Thursday, November 10, 2016

HOW PLANTS WORK The science behind the amazing things plants do (2015), by Linda Chalker-Scott, a Review

In her recent book Linda Chalker-Scott makes plant physiology accessible to anyone interested in gardening knowledgeably, efficiently and economically.  Examples of some questions Chalker-Scott addresses are:

·         How do you garden so that you use less fertilizer and fewer pesticides?
·         If phytohormones control everything from growth to reproduction and death in plants, how can we as gardeners help them do their job?
·         How do plants tell time, move to follow the sun and change color?
·         Nitrogen…where does it come from and how much do plants need?

Linda Chalker-Scott, plant physiologist, horticulturist and extension specialist at Washington State University spells out how plants do what they do. 
She clearly explains:
·         how plant cells work;
·         the workings behind roots and mycorrhizal fungi including why, when and how to mulch;
·         the facts behind NPK fertilizers and the details of the nutrients and minerals plants need;
·         how plants transform sunlight into sugar;
·         anthocyanins and how they protect plants, help them retain water and cause leaves to change color;
·         pruning and staking basics – how, when and where, and
·         plant sex – from ferns and mosses to bulbs, corms, tubers, flowers and berries.

Chalker-Scott writes in an accessible and entertaining way that engages both experienced and novice gardeners.  Included are many photos and examples.

Also by Linda Chalker-Scott, THE INFORMED GARDENER (2008).  In this science-based book, Chalker-Scott busts dozens of myths about gardening.  A few are:
·         the myth of organic superiority;
·         the myths of soil amendments, phosphate fertilizers, bonemeal and hydrogels
·         and the myths of landscape fabrics, clean compost and ‘pretty’ mulch. 

Each myth is followed by an extensive list of peer-reviewed references in which the authors are writing for an academic audience.

Linda Chalker-Scott was the keynote speaker at the first Statewide Colorado Master Gardener Conference on Oct 2-4, 2016.  Her books were highly recommended by the attending CSU professors and extension agents. Other books by Chalker–Scott are The Informed Gardener Blooms Again and Sustainable Landscapes and Gardens: Good Science, Practical Application.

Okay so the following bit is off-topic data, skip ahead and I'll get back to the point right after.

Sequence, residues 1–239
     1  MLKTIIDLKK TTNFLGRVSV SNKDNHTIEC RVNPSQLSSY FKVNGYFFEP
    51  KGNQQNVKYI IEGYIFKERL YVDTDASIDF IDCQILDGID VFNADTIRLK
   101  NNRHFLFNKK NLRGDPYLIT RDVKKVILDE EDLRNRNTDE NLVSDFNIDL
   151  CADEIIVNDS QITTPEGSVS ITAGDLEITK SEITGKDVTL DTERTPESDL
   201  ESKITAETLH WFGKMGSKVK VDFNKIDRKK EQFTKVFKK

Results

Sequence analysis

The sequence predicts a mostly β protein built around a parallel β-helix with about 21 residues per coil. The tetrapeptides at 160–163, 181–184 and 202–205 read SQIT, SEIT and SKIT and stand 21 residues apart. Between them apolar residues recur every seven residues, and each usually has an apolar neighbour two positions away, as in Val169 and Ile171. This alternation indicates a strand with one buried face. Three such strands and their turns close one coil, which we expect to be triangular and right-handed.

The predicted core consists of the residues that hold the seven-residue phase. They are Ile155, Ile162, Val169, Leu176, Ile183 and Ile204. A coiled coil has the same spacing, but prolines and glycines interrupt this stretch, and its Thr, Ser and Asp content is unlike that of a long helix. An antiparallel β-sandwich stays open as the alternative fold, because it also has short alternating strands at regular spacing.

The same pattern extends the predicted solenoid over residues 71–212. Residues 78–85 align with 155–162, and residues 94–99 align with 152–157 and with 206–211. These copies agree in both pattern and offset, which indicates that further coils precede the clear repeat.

Article by: Molly Niven, Master Gardener

Tuesday, November 1, 2016

Winter Watering by Mary Smith, Clear Creek County Master Gardener Apprentice

We’ve enjoyed a glorious, warm fall.  Summer vegetable gardens are harvested, spring bulbs planted, perhaps you even took the time to carry in your flowering containers over the few cold nights knowing that the weather forecast included a return to above-normal temperatures for the season.  And now what?  With minimal precipitation this fall-do you wonder how we got through October in the mountains without a good snowfall? - Remember to water this winter! 

Leaf scorch
Of course, here in the mountains we can’t always go by the advice that we hear from weather forecasters or other gardeners that live down in the metro area.  Our micro-climates, snow drifts and winds take a toll on our plantings that differ from the milder temps that Denver may enjoy. 

Above 40 degrees
Winter watering is recommended from October through March (put a reminder on your calendar/app each month), and under most conditions can be done only once a month.  To off-set drought conditions, leaf scorch (common in aspens) and root die-off, winter watering is essential.   When the temperature is above 40 degrees, the soil is dry to the touch, your soil is not frozen solid (if you can insert a thin screwdriver, or similar tool, to a depth of over 2”) and we experience a dry spell of three-four weeks, water!    Water mid-morning so that the air and soil temperatures allow the water to seep into the ground – you do not want the water to remain on the surface or freeze!   When you’re watering trees, water within the dripline surrounding the tree trunk.  When watering shrubs or other perennials, water the ground-not the branches or leaves to prevent the limbs from freezing and breakage.  Don’t forget your containers and bulbs; these too follow the monthly watering cycle if the temps are right and the soil is not frozen!  If there is snow, ice or the soil is moist (stick your finger in 1” or approximately just past the first knuckle, removing the mulch first) you do not need to water in those areas.

2 gallon watering can
Newly planted trees need 10 gallons of water per caliper of trunk, small shrubs (under 3’) need 5 gallons.  You may want to divide the watering needs twice over the course of the month.  Rocks and cracks allow the soil to dry out more quickly so monitor the areas where you have planted ground covers or other herbaceous perennials too.   You probably have put away your garden hoses and sprinklers, no worries, use your watering can (most are 2 gallons).  This allows you a more precise method of measure and less hassle.

Tending to your garden over winter may inspire you for new plants next spring.  Your attention will be drawn more to climate and conditions to help you select the appropriate plants, rather than distracted by the colors of summer!  Keep a record of your winter efforts and your inspirations in your garden journal.

Note: This article applies only to mountain gardeners with outdoor water rights.